Oh, and remember the laptop? That we shipped to Dell last Monday? It arrived back here on THURSDAY. Seriously. Thursday. Which would be great if Dell had, in fact, fixed it, but for some reason, they sent it back to us with the bottom panel unscrewed, detached, and DENTED, for crying out loud. And still without a working power source.

Hello, Apple? You just got a new customer. Referred by? DELL.

In my own tale of woe, still ongoing, I am committed to the mantra that persistence pays. (or maybe just hoping?). It paid off for Ninja Poodles as apparently a miracle unfolded in "Hello, Dell? I'm Staying. Thank Larry.":

So once all THAT was out of the way, Larry got right down to solving our problem. And we were positively bowled over with the speed and efficiency and fairness of his work. When one thing wasn't available, he'd upgrade to the next better thing (I know you love that technical lingo), until finally, because of the uniqueness of our problem and some particulars of our repair history with Dell (seriously, our laptop was whacked), we wound up with a new replacement computer, upgraded from the model we'd had before, because that model wasn't available at the time, and Larry didn't want to make us wait. I'm here to tell you, we had Larry earning his paycheck in dealing with us, because we seemed to have one issue after another, and while he had us our new computer inside of a week, we weren't able to send our old one back to Dell for more than twice that long.

So what is a person to do? I am thrilled for her satisfactory resolution. I continue to be mired in Dell hell, lost time, and wasted energy. While I did finally get a call back from Corporate in response to my formal complaint that I signature receipt delivered to them, all it has gotten me so far is another opportunity to ship my laptop to their repair depot once the shipping box and appropriate tracking numbers arrive. I am sincerely praying this particular road trip for my useless laptop will be more productive than the last that left me with the same problems (sound clicking and a cursor with a mind of its own) plus scratches on the screen.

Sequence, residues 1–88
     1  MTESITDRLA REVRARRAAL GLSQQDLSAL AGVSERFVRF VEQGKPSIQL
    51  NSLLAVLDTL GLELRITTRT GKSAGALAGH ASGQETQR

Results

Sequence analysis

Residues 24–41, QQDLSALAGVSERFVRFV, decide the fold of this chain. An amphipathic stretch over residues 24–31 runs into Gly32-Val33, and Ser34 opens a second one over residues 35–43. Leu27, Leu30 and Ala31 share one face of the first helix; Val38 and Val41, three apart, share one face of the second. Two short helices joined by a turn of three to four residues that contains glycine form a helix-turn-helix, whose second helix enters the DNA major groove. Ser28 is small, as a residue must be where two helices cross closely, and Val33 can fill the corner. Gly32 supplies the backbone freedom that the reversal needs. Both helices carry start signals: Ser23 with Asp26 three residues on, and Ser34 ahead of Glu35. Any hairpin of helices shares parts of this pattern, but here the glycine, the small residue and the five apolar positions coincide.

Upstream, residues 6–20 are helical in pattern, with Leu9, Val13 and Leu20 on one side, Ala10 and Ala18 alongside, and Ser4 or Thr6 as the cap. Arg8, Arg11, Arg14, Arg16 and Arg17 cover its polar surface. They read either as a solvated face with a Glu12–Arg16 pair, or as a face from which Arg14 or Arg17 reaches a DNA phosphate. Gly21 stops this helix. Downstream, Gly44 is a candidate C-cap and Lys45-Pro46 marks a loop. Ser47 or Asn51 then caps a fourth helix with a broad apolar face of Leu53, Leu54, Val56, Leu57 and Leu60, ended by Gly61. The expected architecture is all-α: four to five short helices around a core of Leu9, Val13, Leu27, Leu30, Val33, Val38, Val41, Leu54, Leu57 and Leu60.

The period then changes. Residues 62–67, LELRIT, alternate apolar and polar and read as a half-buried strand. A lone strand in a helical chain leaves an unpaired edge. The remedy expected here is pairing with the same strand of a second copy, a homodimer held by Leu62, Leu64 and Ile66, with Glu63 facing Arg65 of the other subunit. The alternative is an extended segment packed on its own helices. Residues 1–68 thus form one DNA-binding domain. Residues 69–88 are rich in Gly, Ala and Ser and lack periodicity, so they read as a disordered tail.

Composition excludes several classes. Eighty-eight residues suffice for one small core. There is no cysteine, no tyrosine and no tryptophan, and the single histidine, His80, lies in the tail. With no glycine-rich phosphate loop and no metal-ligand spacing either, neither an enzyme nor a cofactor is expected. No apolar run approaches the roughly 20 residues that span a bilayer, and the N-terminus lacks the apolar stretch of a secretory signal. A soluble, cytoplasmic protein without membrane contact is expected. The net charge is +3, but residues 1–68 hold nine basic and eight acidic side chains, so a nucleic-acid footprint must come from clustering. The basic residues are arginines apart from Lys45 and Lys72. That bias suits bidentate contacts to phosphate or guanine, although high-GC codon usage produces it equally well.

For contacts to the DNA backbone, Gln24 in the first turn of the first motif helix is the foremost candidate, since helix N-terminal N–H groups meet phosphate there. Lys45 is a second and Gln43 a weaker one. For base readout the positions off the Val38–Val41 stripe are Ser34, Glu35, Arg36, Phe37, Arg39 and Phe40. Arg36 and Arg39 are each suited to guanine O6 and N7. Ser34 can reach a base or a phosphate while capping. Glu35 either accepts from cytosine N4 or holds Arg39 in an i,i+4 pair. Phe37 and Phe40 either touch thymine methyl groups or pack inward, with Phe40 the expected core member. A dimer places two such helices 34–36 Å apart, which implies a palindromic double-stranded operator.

I have wasted untold hours checking out better business bureaus, small claims court, and consumer protection agencies. Now THAT alone is worthy of its own post. How does a woman protect herself from companies that don't deliver, do what they say, or leave a job undone?

I am still not even sure what my most powerful next step will be if this latest attempt doesn't resolve things. I may just have to tap into this more recent update from Ninja Poodles how to get help with Dell Hardware when experiencing ulcer inducing computer woes:

Be sure and check the comments to this post for the response by Lionel Menchaca, Digital Media Manager for Direct2Dell. In part, he writes, to those of you who've expressed your own Dell-related woes:

"I encourage you or anyone else that needs help with their Dell hardware to go here:

My personal e-mail is at the bottom of this page, and the Customer Advocate team email is listed as well (fourth bullet point from the top list)."

I'm not sure my heart could bear the shock of a person like the Larry who helped her with real customer service and caring, but I'm willing to risk it.

I'm almost too exhausted from all this to even run my business. Not to mention the problems and frustrations it causes when I need a laptop to meet with clients and travel for business. Personally I desperately need resolution ASAP. From the bigger picture, though - I wonder, how could all this run around and time spent be the least bit effective or profitable for the PC manufacturer either? Even if a company is getting tech support dirt cheap through offshoring, it cannot possibly make sound business sense.

How about you dear BlogHer readers? What have been your tales of woe and success stories with computer hardware woes? I'd love to hear from you.


Paula Gregorowicz, owner of The Paula G. Company, works with women who are ready to create their lives and businesses in a way that fits who they are rather than how they were told they "should". Get the free 12 part eCourse "How to Be Comfortable in Your Own Skin" http://www.coaching4lesbians.com and start taking charge of your own success.

To get the latest word on personal finances from an LGBT perspective and Paula's practical coach approach to the topic check out Queercents http://www.queercents.com.

Are you a small or solo business owner who wants to be comfortable in their own skin online via a website that is a true reflection of who you are and what your business is about? Paula's signature down to earth and "plain English" approach to website design and consulting can help. Visit http://www.paulagwebdesign.com to download the free successful website planner which will make your web project a breeze.